Could you imagine driving 2,000 miles to Disney (NYSE:DIS) World only to find that it's not really that fun? Sure, Space Mountain was thrilling the first five times. But once you know the twist and turns -- and consider the wait -- it's just another trip, bringing you back to where you started.

No, I'm not knocking Mickey. (Hey, I grew up in Florida.) But everyone has a Magic Kingdom in mind -- a destination that looms in the distance, giving us something to work for. The ultimate getaway, of course, is retirement. It's a permanent vacation!

Or is it?

In reality, many retirees report feeling a sense of loss after they've bid adieu to their colleagues and sold their lunch pails on eBay (NASDAQ:EBAY). They've been saving and investing for decades for the Big Day only to ask soon thereafter, "Is this all there is?"

So says Dr. Ron Manheimer, the director of the North Carolina Center for Creative Retirement (NCCCR). "There is kind of a nothingness, a drift to retirement," says Manheimer. "It can be a vacuum. We get our identity from our jobs, from our accomplishments."

Manheimer's job, and the mission of the NCCCR, is to help retirees and near-retirees fill the void formerly occupied by gainful employment. This past Labor Day weekend, the Center hosted its biannual "Paths to a Creative Retirement in Uncertain Times" workshop in the Blue Ridge Mountains of Asheville, N.C. For three days, 39 participants -- a group comprising lawyers, teachers, CFOs, librarians, psychologists, investment bankers, and one Motley Fool (i.e., yours truly) -- mapped out their retirement fantasies and fears.

I know -- many of us who count ourselves among the working stiffs might find this ambivalence about retirement hard to believe. What we wouldn't give for a break from long commutes, tedious meetings, office politics, and daily personal hygiene!

But the angst of the recently retired is real. One workshop attendee said, "Retirement left a greater void in my life than I expected." Another said, "I can fill the time, but at the end of the day, what have I accomplished?"

Think about it for a moment: What would you do with 24/7 free time? By the time you reach your 60s, you have spent decades on your career. You met many, if not most, of your friends through your job. A sizeable chunk of your self-worth and sense of usefulness comes from how you've earned a paycheck. Is it possible that you'd be lost -- at least for a while -- after you've given it all up?

I'm not suggesting that you should work forever. In my Rule Your Retirement newsletter, I profile retirees who have designed self-sustaining portfolios and crafted fulfilling lives, usually through a mixture of travel, family, and challenging ventures (sometimes for pay, sometimes not).

But creating such a retirement doesn't just happen. It takes planning, which is best done long before you kiss the boss good-bye. At the NCCCR retreat, participants began the process through various self-assessments, case studies, and discussions. Will you want to relocate in retirement? How will family -- kids, grandkids, or elderly parents -- figure into your plans? How will you structure your time once you're freed from 9-to-5 requirements? Will you try a new career -- or some other rewarding, new endeavor? (As one participant put it, "I'm looking for a way to contribute, to be productive, to have an impact -- but not a job.")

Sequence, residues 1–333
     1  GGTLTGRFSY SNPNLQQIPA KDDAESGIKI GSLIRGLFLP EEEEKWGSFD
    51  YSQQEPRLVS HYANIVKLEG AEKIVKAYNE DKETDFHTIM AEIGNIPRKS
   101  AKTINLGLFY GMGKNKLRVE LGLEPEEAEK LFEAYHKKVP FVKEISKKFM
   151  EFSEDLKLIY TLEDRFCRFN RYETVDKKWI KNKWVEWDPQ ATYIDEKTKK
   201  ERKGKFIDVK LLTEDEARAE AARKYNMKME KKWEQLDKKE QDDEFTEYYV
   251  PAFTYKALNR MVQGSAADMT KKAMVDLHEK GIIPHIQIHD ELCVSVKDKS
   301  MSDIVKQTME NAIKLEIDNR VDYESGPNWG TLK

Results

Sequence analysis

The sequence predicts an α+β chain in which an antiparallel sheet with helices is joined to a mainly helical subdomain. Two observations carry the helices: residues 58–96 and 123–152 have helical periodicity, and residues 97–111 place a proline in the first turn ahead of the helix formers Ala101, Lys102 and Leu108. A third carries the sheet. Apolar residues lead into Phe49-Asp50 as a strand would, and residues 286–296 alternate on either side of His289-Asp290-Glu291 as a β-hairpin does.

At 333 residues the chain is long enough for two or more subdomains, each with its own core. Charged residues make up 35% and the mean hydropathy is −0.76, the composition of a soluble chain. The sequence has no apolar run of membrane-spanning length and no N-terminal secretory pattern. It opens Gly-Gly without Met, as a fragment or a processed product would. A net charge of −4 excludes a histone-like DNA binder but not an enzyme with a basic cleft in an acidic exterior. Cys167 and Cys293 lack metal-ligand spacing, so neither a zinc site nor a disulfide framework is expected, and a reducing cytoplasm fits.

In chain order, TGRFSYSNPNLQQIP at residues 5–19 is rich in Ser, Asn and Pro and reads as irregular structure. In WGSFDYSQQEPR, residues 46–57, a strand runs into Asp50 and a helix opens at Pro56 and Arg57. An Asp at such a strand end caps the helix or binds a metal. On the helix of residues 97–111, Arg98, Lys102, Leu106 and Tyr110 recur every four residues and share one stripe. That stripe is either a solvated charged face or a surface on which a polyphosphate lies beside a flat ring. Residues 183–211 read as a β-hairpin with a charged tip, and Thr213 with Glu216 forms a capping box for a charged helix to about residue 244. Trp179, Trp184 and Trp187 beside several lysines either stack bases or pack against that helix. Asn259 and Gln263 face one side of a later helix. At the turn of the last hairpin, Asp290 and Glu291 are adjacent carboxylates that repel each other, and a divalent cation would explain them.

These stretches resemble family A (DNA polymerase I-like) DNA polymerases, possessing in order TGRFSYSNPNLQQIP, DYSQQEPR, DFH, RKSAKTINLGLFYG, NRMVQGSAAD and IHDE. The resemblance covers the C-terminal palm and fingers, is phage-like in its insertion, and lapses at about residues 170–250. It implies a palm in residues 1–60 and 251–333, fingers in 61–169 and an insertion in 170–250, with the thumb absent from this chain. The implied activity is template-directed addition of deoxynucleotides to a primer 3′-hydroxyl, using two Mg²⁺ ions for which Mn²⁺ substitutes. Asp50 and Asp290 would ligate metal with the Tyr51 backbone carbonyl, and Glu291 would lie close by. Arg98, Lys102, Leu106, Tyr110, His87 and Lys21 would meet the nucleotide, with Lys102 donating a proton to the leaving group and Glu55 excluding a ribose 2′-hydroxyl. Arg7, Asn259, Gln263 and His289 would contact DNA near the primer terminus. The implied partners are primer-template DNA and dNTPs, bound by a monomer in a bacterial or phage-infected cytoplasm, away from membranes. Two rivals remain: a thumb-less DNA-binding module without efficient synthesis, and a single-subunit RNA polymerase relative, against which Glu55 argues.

So how can you start planning the rest of your life? Consider these possibilities:

  • Begin a "rehearsal retirement" by visiting new locations and dabbling in new activities. One workshop attendee explained to me the concept of the "gap year" -- taking time off, especially in between big transitions, to audition a different life.

  • Discuss a "phased retirement" with your employer, allowing a transition time between full-time work and full-time free time.

  • If you think you'll want to continue to work part-time, seek out employers known for valuing older workers, such as Deere (NYSE:DE), Home Depot (NYSE:HD), and Principal Financial Group (NYSE:PFG).

  • Don't wait until retirement to begin your philanthropic pursuits. Start now working with organizations that support the causes you care about.

  • If you're married, don't keep all your dreams and anxieties to yourself. No plan will work until both spouses agree on it.

One of the workshop's participants pointed out that the dictionary says "retire" means "to remove from service." Another attendee said retirement means going from "Who's Who" to "Who's he?" While most of us may not want to be employed full-time forever, I bet most of us want to be of service, of use -- valued, by ourselves and others. Considering how we'll spend our time is as crucial to any retirement plan as calculating how we'll spend our money.

Robert Brokamp is the editor of the Motley Fool Rule Your Retirement newsletter service. Receive a 30-day free trial, and the 8 Ways to Supercharge Your Retirement special report, byclicking here. Brokamp owns shares of Home Depot. The Motley Fool is Fools writing for Fools.